Hundreds turn out at Indian Hills welcome back, school reopening
Sep 17, 2018 02:48PM
● By Jana Klopsch
Hundreds of students and families packed the newly refurbished Indian Hills Middle School and the new commons area as Canyons Board of Education President Sherril Taylor thanked them for relocating the past year during construction. (Julie Slama/City Journals)
By Julie Slama | email@example.com
Eighth-grader Marissa Neve was excited to see the newly refurbished gymnasium at Indian Hills Middle School.
She, along with her parents and friend, eighth-grader Madison Dobson, toured the new building after the ribbon-cutting ceremony, which was held in the new commons area.
“It’s new and it’s not; I can still find most of my way around the school,” said Marissa, who didn’t take a map from the depleting pile which was being distributed by Gary Hansen, of Canyons School District’s purchasing department. “We didn’t have a commons before so I’m not sure what we will be using it for, but the entire building is much lighter.”
The new student commons area, which has natural lighting from skylights, will become the central point of the school, with core classes, career and technical education classes, art and performing arts classes and the gymnasium spurring off from the commons. The offices and counseling offices were moved to the front of the school and also are attached to the commons.
Throughout the school, there is more natural light with windows and skylights in what was an all-brick building.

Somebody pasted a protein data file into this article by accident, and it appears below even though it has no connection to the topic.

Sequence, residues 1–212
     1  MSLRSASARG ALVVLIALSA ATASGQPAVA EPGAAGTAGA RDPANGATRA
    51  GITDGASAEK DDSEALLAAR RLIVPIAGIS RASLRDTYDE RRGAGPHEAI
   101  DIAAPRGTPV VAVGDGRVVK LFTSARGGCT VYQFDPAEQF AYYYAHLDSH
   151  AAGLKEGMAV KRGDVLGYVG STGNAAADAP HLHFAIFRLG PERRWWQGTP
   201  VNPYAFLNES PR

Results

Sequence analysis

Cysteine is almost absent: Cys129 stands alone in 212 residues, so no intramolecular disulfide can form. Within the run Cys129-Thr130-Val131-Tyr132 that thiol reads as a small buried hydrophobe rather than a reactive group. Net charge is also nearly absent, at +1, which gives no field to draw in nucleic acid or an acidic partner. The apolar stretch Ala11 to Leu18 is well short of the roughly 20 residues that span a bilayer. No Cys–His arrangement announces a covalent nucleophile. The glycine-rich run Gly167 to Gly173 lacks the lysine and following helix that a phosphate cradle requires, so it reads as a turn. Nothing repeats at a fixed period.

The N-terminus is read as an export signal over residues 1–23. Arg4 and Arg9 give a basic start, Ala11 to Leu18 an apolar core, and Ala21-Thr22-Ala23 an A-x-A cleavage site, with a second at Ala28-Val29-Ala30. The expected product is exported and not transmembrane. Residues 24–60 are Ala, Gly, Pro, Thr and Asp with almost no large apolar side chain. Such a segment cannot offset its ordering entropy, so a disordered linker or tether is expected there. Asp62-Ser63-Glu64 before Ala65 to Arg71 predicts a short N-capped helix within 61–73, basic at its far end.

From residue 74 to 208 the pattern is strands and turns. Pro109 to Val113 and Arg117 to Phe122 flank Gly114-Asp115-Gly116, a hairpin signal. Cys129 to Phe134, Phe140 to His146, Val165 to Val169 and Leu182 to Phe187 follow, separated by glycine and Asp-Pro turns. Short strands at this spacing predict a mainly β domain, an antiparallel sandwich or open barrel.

“Now the rooms are much nicer and more modern and we have windows,” Madison added.
Principal Doug Graham said the transformation in the building for the 1,200 students is unreal.
“We can say there are a lot of improvements and natural light, but when you walk in here and see the commons and the changes in the interior classrooms, it blows you away,” he said.
Canyons Board of Education President Sherril Taylor, who taught students how to dissect frogs and sharks in science labs in the 38-year-old school, said there is a much different feel to the building.
“This is everything we hoped it would be,” he said. “To be here for this community and the kids, both back in 1980 and today, is very exciting and fulfilling to be a part of the history of this school.”
At the ceremony, he not only mentioned the project was on budget and time, but appreciated the students and their families’ willingness to relocate to the former Crescent View Middle School during the construction period.
“I know the year away from the neighborhood school could cause hardships for families, educators, staff, but in doing so, it allowed us to get it rebuilt in one year instead of three,” Taylor said.
Board of Education member Chad Iverson, who has his own children attending the school, said he is grateful to return to the school.
“I’ve never seen so many students back and excited to be in their school two days before school actually starts,” he said.
Eighth-grader JJ Sullivan was one of the students in the crowd.
“It’s very big and cool,” he said. “Now we don’t have to hang on the walls to get by in the halls.”